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Post Options Post Options   Thanks (0) Thanks(0)   Quote billd Quote  Post ReplyReply Direct Link To This Post Posted: Jan/10/2011 at 1:42pm
There are 3 vacuum advance possibilities.......
Manifold (obvious, drops at WOT, etc.
Ported - where the port is just above the throttle plates, meaning no vacuum at idle, it comes on as you give throttle.
And venturi vacuum (*A lot of folks believe it's ported, but it's not the same)
Venturi vacuum applied to the vacuum can INCREASES with load and speed and throttle, not decreases like ported and manifold.
Other than idle and off-idle conditions, ported and manifold are the same.
Venturi, OTOH, is quite different. There are some manufacturers that used venturi vacuum for various reasons.

"Ported" and venturi are used for street - drivability, overcome some stumble due to timing not keeping up with needs when you "give it gas". Not so much for lean, but to offset the lag in mechanical advance.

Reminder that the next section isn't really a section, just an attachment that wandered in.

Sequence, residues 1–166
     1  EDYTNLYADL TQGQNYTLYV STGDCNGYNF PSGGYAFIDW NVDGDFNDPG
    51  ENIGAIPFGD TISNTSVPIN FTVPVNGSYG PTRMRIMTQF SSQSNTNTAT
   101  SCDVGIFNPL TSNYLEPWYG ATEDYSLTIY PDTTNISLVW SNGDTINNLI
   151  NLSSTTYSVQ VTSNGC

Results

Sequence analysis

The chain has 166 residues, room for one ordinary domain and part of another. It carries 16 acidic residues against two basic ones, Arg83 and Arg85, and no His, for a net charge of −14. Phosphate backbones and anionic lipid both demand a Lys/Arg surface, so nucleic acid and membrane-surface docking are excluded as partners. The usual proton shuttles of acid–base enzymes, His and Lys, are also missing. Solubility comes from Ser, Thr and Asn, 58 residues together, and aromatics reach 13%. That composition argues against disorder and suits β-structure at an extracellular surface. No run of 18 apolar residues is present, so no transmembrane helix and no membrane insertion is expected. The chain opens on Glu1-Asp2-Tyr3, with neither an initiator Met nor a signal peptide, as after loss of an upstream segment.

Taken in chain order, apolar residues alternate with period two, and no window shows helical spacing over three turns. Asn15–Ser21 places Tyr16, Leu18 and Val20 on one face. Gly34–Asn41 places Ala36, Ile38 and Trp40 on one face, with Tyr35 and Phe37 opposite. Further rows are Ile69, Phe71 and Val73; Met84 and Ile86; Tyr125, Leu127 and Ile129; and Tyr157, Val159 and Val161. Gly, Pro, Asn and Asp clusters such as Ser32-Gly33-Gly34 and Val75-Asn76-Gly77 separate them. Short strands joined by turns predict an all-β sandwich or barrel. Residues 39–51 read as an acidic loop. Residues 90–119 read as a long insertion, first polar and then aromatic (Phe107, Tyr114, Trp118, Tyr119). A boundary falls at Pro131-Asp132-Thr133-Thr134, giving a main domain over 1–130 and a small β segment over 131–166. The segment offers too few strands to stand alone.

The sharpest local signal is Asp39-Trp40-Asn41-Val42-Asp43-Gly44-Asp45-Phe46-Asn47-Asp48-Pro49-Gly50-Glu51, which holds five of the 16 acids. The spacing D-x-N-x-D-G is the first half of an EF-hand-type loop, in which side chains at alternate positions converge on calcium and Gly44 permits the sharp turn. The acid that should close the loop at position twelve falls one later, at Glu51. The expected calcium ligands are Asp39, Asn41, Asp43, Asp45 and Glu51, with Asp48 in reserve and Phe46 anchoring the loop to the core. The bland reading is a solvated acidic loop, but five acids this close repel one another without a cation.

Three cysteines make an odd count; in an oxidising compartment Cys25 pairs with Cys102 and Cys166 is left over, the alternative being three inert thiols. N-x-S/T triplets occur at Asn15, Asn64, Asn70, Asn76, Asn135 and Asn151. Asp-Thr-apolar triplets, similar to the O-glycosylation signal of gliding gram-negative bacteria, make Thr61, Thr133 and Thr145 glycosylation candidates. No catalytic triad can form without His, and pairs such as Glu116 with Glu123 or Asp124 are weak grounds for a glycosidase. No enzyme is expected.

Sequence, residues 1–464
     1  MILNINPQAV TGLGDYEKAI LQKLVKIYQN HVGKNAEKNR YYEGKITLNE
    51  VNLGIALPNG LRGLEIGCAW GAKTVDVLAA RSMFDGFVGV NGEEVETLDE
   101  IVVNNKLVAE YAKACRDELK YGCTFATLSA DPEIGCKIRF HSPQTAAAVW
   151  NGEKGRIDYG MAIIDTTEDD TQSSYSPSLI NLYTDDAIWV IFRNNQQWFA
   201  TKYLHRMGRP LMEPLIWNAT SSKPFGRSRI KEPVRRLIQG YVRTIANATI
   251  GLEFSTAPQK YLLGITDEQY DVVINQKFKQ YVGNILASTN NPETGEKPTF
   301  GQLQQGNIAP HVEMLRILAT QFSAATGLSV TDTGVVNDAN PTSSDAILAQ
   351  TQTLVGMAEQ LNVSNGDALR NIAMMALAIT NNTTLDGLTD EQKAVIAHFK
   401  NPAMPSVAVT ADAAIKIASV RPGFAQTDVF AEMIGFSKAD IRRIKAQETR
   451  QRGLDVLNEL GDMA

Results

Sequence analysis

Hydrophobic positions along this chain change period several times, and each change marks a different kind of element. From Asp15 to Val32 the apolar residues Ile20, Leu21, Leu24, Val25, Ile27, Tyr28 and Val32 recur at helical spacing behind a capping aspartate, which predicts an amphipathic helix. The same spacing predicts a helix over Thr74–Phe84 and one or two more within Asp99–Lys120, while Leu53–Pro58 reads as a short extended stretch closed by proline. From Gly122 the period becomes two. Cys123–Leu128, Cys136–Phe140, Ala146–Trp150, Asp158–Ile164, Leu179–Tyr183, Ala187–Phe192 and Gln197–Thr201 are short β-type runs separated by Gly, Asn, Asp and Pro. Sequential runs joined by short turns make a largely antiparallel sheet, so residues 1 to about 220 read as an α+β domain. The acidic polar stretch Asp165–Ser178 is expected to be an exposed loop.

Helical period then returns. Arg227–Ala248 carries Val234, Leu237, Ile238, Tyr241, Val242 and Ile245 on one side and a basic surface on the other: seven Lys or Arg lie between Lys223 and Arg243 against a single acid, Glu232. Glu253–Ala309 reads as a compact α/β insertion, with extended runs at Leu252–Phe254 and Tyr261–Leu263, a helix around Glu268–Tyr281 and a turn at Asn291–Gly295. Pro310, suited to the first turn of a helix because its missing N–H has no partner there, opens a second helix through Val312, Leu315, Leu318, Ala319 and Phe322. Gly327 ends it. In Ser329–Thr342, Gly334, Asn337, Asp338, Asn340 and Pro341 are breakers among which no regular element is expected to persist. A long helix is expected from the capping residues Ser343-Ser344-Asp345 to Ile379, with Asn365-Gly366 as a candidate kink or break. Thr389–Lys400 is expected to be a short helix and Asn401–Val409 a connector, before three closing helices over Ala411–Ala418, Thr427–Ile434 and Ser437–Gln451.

Ford and Chrysler were first to use it 70 years ago - I have their reasoning in a textbook at home somewhere...........

Manifold vacuum to the advance is better when using a "large cam" than something like I've got - mild to stock.

Dunno if you can still get them, but Crane had a nice adjustable vacuum advance unit for GM distributors a few years back. You could set the amount of vacuum that it took to trigger it, and set a high-limit on how far it would go once it was triggered. So with little hassle, you could set the maximum advance, and tell it - don't advance until you get xx" vacuum.